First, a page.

Collision analyses enables us to predict vessels' local structural behaviour and ultimate strength

Mon, 05/16/2016 - 09:09

In the collision simulation we have demonstrated a collision between an icebreaker and an offshore platform.

The simulated icebreaker is a ca. 100 m long, 10 000 BRWT and the platform leg is a concrete pillar with a 16 m diameter. In the simulation the impact is to the midship of the icebreaker. The side collides directly to the platfrom leg, at the speed of 2 m/s. The actual physical collission is simulated in advanced dynamic non-linear FE-simulation. To create this highly informative representation of the collission, we use the HyperView.

The simulation is built from three separate screens. The vertical screen shows the general view of the midship's double shell. The screen on the right top, present the shell's inner structure without the longitudinal bulkhead. The bottom one of the screens on the right present the displacement and the Von Mises stress in a timeline.

 

After watching the simulation you are able to recognise how great the impact force is, and how it affects to the stress load of the structure. Impact velocity is a bit exaggerated to show interesting structural behaviour.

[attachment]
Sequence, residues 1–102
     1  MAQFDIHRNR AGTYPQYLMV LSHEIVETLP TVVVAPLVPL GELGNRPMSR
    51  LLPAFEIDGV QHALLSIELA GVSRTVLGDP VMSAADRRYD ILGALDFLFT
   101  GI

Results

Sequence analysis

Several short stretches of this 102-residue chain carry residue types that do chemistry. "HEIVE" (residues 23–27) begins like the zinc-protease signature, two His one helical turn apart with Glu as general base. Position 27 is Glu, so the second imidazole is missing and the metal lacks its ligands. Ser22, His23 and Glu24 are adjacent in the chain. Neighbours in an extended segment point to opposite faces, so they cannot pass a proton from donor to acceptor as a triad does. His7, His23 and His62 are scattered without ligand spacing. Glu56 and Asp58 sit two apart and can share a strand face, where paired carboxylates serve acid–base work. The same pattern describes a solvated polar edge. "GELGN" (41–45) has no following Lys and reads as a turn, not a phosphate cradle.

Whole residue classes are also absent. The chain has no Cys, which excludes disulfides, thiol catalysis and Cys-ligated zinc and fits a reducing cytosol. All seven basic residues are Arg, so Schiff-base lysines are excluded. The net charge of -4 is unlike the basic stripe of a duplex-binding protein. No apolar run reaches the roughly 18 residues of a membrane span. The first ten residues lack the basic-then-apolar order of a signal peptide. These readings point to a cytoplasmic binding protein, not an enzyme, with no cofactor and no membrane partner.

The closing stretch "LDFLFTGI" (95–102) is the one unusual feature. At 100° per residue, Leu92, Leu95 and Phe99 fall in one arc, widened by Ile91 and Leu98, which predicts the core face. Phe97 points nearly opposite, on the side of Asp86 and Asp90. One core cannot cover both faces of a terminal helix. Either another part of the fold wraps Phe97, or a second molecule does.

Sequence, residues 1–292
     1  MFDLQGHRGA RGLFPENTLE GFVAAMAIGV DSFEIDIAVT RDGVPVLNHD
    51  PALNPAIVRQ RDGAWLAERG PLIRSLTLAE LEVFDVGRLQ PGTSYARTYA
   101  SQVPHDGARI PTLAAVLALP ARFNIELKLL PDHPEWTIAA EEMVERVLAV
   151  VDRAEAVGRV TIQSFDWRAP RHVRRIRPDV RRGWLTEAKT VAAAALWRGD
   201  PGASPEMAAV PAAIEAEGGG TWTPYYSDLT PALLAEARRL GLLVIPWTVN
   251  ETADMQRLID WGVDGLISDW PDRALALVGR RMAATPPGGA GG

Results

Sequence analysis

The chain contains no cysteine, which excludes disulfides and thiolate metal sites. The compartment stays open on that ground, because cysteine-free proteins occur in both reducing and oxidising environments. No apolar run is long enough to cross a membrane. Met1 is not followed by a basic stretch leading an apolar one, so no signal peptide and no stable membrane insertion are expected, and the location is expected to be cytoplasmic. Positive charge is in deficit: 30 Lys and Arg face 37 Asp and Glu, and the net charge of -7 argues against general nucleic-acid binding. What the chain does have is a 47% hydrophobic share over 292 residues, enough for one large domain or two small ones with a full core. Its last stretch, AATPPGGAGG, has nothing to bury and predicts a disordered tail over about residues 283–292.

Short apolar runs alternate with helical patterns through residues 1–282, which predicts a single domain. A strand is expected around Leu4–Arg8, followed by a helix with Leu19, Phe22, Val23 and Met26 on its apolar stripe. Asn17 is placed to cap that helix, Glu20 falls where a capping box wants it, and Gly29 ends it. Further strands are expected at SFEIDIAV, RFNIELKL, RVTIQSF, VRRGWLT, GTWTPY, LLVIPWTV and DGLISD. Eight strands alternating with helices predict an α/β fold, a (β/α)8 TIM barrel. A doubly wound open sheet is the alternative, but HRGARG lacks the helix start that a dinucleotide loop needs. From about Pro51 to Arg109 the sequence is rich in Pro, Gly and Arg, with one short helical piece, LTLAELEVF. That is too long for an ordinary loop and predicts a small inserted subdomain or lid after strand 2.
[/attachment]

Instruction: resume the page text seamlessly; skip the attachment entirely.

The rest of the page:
When the icebreaker collides, its hull suffers permanent yielding damage that remains after the impact force retires. The representation shows distinct buckling.
An interesting effect can also been seen, when the icebreaker bounces backwards after the impact. This is because a part of the energy that was stored as potential energy in the structure flows back into it, just like a spring.

This simulation is only one demonstration of how we are able to simulate the most challenging physical events and analyse them. Our experience and advanced solvers, enables the aforesaid.
By using these simulations, we are able to develop our hull design and technical analysis, which helps us to obtain the optimal structural design.

Janette Aaltonen

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